Sadly I'm not making dandelion wine - 'summer on the tongue', to borrow from Ray Bradbury - but I am hoping to have dandelion-yellow silks and wools for a spot of summer stitching*. At the moment I'm boiling up the dandelion flowers in one pan while the threads are being mordanted in another. Without a mordant, in this case alum, the fugitive dandelion dye wouldn't 'bite' and would quickly fade.
Mordants are used in such tiny quantities when working with small amounts of fibre ... 3/16 of a teaspoon of alum (aluminium potassium sulphate) is sufficient for the six skeins of silk thread I intend to dye. So I've bought myself a handy set of itty-bitty spoons that measure a dash, a pinch, a smidgen, and a nip. Or 1/8, 1/16, 1/32 and 1/64 of a teaspoon, should you wish to get technical about it. And I've fallen down something of an etymological rabbit hole.
Convinced that the words 'dash', 'pinch', 'smidgen' and 'nip' all pre-dated 'tea-spoon' I consulted the Oxford English Dictionary. And they do. Tea drinking became fashionable during the 1600s when tea was pricey stuff and was measured using small 'tea-spoons' equivalent in size to an apothecaries' dram. Yet pinch denoted the much smaller, 'amount taken up between finger and thumb', at least a century earlier, and Shakespeare wrote about dashes and doses of this and that. So who decided that a pinch was half a dash, a smidgen half a pinch, and a nip half a smidgen? I'm guessing either Fannie Farmer or an early measuring spoon manufacturer, but does anyone know different?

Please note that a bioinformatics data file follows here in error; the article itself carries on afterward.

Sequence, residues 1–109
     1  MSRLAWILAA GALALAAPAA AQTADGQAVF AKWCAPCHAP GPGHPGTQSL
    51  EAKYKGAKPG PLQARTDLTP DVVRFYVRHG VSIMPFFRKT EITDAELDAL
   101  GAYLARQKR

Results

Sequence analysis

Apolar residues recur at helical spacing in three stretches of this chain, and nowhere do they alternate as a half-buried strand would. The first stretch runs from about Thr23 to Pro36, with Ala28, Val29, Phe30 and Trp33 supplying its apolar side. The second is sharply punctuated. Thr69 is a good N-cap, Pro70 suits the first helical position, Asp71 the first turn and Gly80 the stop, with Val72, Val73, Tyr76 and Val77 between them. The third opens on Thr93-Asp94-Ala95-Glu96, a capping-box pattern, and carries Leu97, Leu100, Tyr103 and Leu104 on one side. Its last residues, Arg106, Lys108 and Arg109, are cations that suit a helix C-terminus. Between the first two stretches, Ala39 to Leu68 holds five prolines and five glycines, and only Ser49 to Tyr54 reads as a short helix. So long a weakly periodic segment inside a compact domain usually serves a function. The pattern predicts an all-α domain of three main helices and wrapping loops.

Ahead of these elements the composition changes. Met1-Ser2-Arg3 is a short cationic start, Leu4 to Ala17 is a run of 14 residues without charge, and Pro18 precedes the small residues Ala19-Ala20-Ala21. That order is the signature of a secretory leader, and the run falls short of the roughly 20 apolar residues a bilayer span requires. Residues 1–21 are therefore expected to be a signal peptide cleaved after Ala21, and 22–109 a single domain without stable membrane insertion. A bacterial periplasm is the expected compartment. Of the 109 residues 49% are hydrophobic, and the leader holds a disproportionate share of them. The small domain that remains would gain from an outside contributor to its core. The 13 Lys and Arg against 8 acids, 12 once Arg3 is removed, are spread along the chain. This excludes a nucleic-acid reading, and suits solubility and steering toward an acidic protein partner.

Back in the kitchen the thread and dye liquor have been united. I'll let you know how I get on! And meanwhile ... know any dialect names for dandelions? They were 'piss-a-beds' in Somerset where I grew up, or 'one o'clocks'.
* Dandelion roots are reputed to yield a magenta dye, but I've yet to hear of a dyer who has achieved anything more exciting than a mucky fawn.